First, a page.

A small group of Catholics led by an ailing priest believe that Satan intends to become man, just as God did in the person of Jesus. The writings of a possessed mental patient lead them to ... See full summary »
A small group of Catholics led by an ailing priest believe that Satan intends to become man, just as God did in the person of Jesus. The writings of a possessed mental patient lead them to Peter Kelson, a writer who studies serial killers. They think it's his body Satan will occupy. The youngest in the group, a teacher named Maya Larkin, goes to Peter to investigate further and to convince him to believe in the possibility of Evil incarnate. Other signs come to him as he and Maya them take a journey full of strange occurrences, self-discovery, and an ultimate showdown. Written by
The film was initially supposed to be released in October 1999. Its trailer was in theaters in Summer 1999. However, due to a flood of "End of the World" movies coming out at the exact same time (End of Days, Stigmata, etc...), the decision was made to delay the film. Its new date was 4 February 2000. However, that date was canceled after the very popular "Scream" franchise staked out that date for its final installment, Scream 3. The final release date of 13 October 2000, was finally decided upon, which also happened to be the same exact day as the re-release of The Exorcist. See more »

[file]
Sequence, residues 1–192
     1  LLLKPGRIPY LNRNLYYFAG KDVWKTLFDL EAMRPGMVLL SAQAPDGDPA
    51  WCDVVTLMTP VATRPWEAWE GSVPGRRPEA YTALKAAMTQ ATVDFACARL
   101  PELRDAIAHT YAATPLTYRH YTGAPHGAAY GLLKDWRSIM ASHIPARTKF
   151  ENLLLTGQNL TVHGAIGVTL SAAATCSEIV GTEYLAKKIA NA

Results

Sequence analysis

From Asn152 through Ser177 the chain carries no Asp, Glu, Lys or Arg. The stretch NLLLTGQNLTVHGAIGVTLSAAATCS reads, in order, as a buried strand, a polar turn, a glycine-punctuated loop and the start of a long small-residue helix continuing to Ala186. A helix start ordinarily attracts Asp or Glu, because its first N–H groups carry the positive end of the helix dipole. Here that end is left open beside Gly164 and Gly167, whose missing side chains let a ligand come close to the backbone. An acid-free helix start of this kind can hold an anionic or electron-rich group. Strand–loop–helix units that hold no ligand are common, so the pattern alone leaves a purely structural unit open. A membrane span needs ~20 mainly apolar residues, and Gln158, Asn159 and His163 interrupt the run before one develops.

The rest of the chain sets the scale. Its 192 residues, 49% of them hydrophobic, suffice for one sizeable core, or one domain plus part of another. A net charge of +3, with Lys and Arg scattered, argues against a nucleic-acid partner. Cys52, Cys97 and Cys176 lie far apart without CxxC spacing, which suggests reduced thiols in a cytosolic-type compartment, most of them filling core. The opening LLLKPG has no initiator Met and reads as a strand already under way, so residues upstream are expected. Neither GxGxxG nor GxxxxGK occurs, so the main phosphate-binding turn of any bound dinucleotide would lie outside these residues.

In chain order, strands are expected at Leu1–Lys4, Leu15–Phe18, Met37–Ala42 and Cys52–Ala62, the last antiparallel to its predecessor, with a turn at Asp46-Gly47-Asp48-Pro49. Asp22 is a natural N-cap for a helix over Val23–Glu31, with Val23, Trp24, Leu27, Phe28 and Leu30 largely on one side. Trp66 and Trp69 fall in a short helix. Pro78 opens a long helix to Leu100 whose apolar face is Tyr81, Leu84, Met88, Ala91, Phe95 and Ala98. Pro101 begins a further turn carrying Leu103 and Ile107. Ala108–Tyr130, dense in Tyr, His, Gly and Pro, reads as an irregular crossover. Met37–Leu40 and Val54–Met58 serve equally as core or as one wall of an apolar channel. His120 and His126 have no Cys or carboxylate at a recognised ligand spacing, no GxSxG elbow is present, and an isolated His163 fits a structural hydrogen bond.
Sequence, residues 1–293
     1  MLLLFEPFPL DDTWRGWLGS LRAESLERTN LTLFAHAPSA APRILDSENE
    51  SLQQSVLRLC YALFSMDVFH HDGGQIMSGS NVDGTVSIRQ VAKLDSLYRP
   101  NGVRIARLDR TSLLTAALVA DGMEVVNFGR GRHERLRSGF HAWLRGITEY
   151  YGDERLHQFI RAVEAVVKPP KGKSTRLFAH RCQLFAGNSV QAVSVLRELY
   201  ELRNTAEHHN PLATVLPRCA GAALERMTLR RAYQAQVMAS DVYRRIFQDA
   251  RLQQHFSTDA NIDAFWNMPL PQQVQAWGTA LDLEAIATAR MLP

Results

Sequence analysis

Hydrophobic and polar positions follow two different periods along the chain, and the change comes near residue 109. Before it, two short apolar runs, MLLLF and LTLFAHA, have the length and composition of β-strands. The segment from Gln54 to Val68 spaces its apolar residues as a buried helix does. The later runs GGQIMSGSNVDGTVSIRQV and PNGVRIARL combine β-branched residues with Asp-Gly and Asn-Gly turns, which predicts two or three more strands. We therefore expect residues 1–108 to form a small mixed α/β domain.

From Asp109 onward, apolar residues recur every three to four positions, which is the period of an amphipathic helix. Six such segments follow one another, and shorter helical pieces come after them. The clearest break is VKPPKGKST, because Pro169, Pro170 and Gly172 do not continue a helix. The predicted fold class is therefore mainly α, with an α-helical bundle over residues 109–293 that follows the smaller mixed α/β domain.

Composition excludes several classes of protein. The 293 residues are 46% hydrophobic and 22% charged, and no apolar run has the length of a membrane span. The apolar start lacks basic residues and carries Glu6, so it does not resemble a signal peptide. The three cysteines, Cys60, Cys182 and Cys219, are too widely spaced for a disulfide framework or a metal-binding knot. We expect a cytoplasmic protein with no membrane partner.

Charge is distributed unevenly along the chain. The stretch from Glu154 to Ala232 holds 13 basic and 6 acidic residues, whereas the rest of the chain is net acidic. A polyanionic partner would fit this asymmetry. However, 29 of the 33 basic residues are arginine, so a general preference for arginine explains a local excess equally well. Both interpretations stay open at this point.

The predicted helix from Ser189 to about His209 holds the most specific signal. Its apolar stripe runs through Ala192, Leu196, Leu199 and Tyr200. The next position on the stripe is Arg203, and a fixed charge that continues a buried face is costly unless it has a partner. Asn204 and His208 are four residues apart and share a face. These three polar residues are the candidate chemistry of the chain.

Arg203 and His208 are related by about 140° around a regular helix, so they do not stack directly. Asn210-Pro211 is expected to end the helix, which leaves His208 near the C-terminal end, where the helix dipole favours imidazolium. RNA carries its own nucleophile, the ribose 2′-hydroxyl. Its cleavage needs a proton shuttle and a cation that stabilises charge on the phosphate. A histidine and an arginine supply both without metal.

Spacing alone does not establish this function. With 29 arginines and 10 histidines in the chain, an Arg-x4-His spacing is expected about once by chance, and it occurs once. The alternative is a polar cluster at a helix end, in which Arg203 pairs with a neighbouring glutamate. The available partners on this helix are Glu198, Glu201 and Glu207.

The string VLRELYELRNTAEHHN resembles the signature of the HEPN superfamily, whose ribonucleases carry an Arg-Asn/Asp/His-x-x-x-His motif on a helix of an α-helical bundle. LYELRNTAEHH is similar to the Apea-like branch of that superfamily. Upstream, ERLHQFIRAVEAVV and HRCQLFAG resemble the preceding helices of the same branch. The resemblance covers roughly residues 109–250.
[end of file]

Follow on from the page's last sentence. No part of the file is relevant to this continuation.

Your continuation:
The thumb visible in the close-up of the scene in which Peter is preparing a fishing bait isn't his. See more »
How Can You Go From "Little Women" and "Washington Square" to This?
Winona had just had a big hit with "Girl Interrupted," and Ben Chaplin was impressive doing Montgomery Cliff's "The Heiress" part in "Washington Square." So what possessed them to do a cheesy "Exorcist" meets "the Omen" and "Rosemary's Baby" formula movie? In any case, the movie has a good opening twenty minutes and promises real scary stuff to come. You don't know anything about the characters or what's going on and that makes it a little frustrating, but you can forgive the movie for that. Unfortunately, the movie becomes less scary the more the silly plot and characters gets revealed. Probably the silliest moment comes when Winona tells Ben that he fits the profile for the "antichrist" because he's never been baptized. It is hard to see how Winona Horowitz could say such a thing with a straight face.
Apparently the first time director is a great cinematographer. That is usually not such a good thing. Yes, Stanley Kubrick did make the transition, but most cinematographers are too concerned with the lighting and have no idea how to direct actors. That turns out to be the case here, where everybody is just doing monotone line readings.
I confess my love for Winona, but even her presence only makes the film barely watchable and not quite enjoyable or fun.
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